Aims: We aim to understand the variation of the surface chemistry that occurs during the AGB phase by analysing results from observations of single post-AGB stars in the Magellanic Clouds. We also aim at reconstruct dust formation processes, that are active in the circumstellar envelope of AGB stars. Methods: We study likely single post-AGB sources in the Magellanic Clouds that exhibit a double-peaked (shell-type) spectral energy distribution (SED). We interpret their SED by comparing with results from radiative transfer calculations, to derive the luminosity and the dust content of the individual sources. Additionally, we compare the observationally derived stellar parameters and the photospheric chemical abundances of the target sample with results from stellar evolution modelling of AGB and post-AGB stars. This allows for the characterization of the individual sources in terms of initial mass and formation epoch of the progenitors. Results: We find that amongst our target sample of 13 likely single post-AGB stars with shell-type SED, 8 objects are carbon stars descending from ~1-2.5 Msun progenitors. 5 of the 13 objects are of lower mass, descending from M<1 Msun stars. Based on the dust mineralogy, we find that these 5 stars are surrounded by silicate dust, and thus failed to become carbon stars. The dust optical depth and the luminosity of the stars are correlated, owing to the faster evolutionary time-scale brighter stars, which makes the dusty layer to be closer to the central object. From our detailed analysis of the SEDs, we deduce that the dust currently observed around post-AGB stars was released after the onset of the central star contraction and an increase in the effective temperature to ~3500-4000 K.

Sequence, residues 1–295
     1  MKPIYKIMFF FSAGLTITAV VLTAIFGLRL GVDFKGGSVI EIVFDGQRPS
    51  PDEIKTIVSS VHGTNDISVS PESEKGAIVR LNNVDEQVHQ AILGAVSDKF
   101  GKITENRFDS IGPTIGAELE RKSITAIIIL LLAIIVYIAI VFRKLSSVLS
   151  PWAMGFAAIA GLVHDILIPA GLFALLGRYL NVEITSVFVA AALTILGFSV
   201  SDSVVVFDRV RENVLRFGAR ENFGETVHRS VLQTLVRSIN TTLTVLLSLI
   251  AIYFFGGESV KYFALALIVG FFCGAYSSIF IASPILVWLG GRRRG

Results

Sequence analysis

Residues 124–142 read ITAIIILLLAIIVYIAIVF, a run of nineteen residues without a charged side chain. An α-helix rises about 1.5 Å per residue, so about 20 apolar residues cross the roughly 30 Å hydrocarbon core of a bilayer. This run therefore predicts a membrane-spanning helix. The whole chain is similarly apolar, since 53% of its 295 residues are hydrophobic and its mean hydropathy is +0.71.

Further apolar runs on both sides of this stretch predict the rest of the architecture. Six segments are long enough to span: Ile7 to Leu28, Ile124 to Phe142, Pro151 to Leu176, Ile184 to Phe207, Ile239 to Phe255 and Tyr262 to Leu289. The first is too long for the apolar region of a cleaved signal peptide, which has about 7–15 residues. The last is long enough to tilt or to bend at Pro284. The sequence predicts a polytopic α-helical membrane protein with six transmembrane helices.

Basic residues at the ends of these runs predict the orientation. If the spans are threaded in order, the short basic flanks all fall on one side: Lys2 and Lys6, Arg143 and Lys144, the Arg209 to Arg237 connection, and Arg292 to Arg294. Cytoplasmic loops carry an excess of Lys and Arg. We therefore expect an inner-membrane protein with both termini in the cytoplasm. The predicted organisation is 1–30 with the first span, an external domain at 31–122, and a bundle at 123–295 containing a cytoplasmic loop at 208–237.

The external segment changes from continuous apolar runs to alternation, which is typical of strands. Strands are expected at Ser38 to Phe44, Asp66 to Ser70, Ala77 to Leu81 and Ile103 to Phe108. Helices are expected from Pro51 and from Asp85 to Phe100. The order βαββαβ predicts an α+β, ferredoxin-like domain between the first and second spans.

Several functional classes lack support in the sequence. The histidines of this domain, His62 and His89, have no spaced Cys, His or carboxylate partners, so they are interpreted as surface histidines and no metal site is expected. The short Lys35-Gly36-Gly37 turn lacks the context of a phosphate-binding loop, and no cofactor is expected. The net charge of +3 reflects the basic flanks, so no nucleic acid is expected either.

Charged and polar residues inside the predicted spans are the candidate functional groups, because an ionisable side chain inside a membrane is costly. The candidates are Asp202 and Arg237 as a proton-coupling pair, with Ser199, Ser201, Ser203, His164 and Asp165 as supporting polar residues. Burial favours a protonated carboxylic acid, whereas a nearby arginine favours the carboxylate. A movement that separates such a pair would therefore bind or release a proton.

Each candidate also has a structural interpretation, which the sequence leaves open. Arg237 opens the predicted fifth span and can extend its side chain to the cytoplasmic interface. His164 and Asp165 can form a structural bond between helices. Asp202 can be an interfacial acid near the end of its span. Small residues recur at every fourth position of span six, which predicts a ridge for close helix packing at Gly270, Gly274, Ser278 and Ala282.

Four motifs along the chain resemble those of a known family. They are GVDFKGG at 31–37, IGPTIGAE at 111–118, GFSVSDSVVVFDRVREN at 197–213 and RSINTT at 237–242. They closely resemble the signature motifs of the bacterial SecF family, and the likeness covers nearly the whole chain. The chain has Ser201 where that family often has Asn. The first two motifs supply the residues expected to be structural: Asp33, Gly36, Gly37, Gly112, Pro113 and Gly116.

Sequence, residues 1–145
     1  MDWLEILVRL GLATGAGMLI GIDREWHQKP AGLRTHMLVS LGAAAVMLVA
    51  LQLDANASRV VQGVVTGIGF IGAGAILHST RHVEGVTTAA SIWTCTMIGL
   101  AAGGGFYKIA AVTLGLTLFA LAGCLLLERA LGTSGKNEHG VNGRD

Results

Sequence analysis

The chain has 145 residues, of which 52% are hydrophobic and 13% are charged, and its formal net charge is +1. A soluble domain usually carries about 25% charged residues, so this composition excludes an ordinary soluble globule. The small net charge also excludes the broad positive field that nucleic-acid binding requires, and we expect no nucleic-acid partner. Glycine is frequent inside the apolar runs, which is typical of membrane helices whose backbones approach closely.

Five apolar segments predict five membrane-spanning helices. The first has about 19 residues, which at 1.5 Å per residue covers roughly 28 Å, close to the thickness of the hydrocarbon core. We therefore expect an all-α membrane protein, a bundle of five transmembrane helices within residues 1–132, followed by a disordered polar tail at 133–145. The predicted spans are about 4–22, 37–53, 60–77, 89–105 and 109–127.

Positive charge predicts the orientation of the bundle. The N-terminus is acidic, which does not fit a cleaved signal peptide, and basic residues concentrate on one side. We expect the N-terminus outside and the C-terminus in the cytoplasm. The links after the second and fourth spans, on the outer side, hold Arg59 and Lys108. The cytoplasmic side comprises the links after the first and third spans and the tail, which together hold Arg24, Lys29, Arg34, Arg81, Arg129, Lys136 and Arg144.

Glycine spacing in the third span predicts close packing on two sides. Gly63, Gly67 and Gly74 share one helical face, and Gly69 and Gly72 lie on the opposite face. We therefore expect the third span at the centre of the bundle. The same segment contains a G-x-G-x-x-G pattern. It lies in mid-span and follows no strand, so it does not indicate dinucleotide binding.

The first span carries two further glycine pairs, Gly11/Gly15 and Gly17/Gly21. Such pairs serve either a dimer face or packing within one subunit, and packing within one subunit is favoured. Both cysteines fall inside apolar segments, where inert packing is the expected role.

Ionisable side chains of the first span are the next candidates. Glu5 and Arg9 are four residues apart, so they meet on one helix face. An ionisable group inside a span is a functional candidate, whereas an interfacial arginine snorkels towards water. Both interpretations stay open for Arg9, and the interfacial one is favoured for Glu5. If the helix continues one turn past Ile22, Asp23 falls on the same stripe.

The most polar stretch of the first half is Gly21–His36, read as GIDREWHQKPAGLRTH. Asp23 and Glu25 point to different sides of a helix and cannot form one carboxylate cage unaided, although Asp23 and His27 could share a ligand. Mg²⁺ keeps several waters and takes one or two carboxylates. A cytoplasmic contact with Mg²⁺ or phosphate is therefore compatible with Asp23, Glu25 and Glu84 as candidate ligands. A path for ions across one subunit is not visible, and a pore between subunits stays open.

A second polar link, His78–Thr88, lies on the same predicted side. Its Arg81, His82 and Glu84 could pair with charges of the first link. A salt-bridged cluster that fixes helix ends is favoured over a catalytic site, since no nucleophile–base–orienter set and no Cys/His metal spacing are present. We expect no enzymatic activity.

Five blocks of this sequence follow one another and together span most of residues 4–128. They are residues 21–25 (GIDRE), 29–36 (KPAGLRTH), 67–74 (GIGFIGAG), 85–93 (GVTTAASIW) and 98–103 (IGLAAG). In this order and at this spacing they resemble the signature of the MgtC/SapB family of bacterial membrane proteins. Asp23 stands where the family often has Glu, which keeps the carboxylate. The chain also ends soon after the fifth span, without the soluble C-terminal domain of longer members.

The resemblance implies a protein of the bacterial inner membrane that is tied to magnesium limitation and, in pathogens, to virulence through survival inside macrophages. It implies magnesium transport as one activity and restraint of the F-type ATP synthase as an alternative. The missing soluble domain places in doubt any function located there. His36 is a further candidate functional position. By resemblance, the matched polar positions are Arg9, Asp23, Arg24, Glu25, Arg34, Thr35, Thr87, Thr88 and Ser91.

[31] 2208.08379

A Multiwavelength view of IC 860: What Is in Action inside Quenching Galaxies

We present a multiwavelength study of IC 860, a nearby post-starburst galaxy at the early stage of transitioning from blue and star-forming to red and quiescent. Optical images reveal a galaxy-wide, dusty outflow originating from a compact core. We find evidence for a multiphase outflow in the molecular and neutral gas phase from the CO position-velocity diagram and NaD absorption features. We constrain the neutral mass outflow rate to be ~0.5 M$_{\odot}/$yr, and the total hydrogen mass outflow rate to be ~12 M$_{\odot}$/yr. Neither outflow component seems able to escape the galaxy. We also find evidence for a recent merger in the optical images, CO spatial distribution, and kinematics, and evidence for a buried AGN in the optical emission line ratios, mid-IR properties, and radio spectral shape. The depletion time of the molecular gas reservoir under the current star formation rate is ~7 Gyr, indicating that the galaxy could stay at the intermediate stage between the blue and red sequence for a long time. Thus the timescales for a significant decline in star formation rate ("quenching") and gas depletion are not necessarily the same. Our analysis supports the quenching picture where outflows help suppress star formation by disturbing rather than expelling the gas and shed light on possible ongoing activities in similar quenching galaxies.

[32] 2208.08391

Searching for axion-like particles through CMB birefringence from string-wall networks